Saturday October 14, 2017
Japan just mined the ocean floor and people want answers
more stories from this episode
- Could zapping your brain with electricity make you smarter?
- Genetics is a big reason divorce runs in families
- Japan just mined the ocean floor and people want answers
- Trump is losing the 'war on coal' to the free market
- How Zika mutated and became a terrifying plague
- Can large underwater volcanoes increase ocean temperatures? Quirks Question
- Full Episode
Japan's deep sea mining test
Japan just became the first country in the world to mine its seabed. The ocean floor is rich with resources that are becoming increasingly difficult to obtain on land, such as zinc, cobalt, copper, etc. Deep sea mining advocates think this could be the next gold rush.
In its test, Japan says they successfully crushed and then brought the ore to the surface. They conducted this test within their own territorial waters, otherwise known as their Exclusive Economic Zone or EEZ. And while the International Sea Bed Authority will eventually regulate deep sea mining in international waters, those rules aren't in effect yet.
Why deep sea scientists are concerned
Many scientitsts believe that biodiversity loss among life at the bottom of the ocean will be unavoidable from deep sea mining. That was the conclusion of a paper published this summer in the journal Nature Geoscience, which was co-authored by Dr. Cindy Van Dover from Duke University and Dr. Craig Smith from the University of Hawaii.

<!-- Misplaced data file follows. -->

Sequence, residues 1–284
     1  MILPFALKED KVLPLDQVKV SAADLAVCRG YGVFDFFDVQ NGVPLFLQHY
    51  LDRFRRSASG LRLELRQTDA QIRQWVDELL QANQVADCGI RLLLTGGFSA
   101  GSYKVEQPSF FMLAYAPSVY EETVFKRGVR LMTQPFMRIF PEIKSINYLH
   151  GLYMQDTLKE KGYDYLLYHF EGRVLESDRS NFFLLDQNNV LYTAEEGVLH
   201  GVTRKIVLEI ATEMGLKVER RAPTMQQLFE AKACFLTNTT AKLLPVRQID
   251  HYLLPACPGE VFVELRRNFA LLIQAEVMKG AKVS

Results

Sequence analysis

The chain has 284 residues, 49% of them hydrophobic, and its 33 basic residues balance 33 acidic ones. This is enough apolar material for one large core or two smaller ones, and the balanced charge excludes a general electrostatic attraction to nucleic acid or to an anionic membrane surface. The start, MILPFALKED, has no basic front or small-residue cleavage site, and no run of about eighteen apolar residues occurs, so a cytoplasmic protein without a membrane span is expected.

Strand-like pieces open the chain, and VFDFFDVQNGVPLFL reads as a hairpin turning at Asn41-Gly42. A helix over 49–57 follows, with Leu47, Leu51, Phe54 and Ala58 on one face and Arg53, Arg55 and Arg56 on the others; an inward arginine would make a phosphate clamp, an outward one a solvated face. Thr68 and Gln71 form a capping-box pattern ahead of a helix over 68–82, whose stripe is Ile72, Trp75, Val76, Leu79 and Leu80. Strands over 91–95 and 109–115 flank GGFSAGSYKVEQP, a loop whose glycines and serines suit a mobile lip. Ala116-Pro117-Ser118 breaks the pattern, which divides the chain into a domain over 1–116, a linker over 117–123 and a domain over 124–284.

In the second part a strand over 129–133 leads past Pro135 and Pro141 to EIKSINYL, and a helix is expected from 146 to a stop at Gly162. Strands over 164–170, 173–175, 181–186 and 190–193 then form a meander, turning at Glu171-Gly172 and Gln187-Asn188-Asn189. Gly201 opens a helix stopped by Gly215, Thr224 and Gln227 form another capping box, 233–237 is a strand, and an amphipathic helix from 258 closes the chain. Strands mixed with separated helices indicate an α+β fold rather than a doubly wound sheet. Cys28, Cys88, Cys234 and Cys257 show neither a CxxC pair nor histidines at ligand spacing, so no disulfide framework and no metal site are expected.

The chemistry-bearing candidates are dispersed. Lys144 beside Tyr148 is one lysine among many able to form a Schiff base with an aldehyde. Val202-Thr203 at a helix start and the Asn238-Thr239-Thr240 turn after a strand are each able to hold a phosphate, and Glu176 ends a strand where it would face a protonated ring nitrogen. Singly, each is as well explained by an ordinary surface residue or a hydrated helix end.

The material Japan mined in their pilot test came from an inactive hydrothermal vent, which according to Dr. Tatsuo Nozaki from the Japan Agency for Marine-Earth Science and Technology (JAMSTEC) is "several hundred metres away" from an active chimney. These extremely rare active chimneys are home to very specialized creatures that have evolved to live in these extremely hot habitats.
Correspondence in the journal Nature Geoscience, "Biodiversity loss from deep-sea mining"
Deep sea scientists are concerned about the the toxicity and turbidity of the material being dug up and its potential effects on nearby organisms.
Japan released a statement that said, in part, they have "conducted research for the anticipated impact of the test on the surrounding environments and carefully confirmed that no serious impact might occur." When pressed for more details, Elisa Muroi from Japan Oil, Gas and Metals National Corporation (JOGMEC) in Vancouver said, they were "unable to provide with the answers, as the answers to your questions involve lot of confidential information."
The future of deep sea mining
The potential risks go far beyond what might occur to organisms in and around hydrothermal vents. The International Seabed Authority has granted 27 contracts to explore for mining purposes - not only the polymetallic sulphides - or inactive hydrothermal vents, but also polymetallic nodules and cobalt-rich ferromanganese crusts.
When it comes to mining the polymetallic nodules, which are potato shaped metal concretions made of manganese, cobalt, copper etc., the mining footprint would become much larger than it is for mining inactive hydrothermal vents. To mine these resource dense nodules, mining operations would essentially strip the habitat for organisms that have evolved there over millions of years.
There are still many unknowns when it comes to deep sea mining:
- What kind of distrubtion of deep sea organisms is there at potential mining sites?
- How will the sediment that gets kicked up affect deep sea life?
- How will large scale mining affect water chemistry?
As Dr. Cindy Van Dover puts it, "I think we could easily take one square metre of the seafloor away and not have a problem, or ten square metres or a hundred square metres for these manganese nodule beds, but what we don't know is the tipping point. Where is it going to matter for the health of the ocean. We have no clue, no clue at all. And if we screw it up, we can't fix it."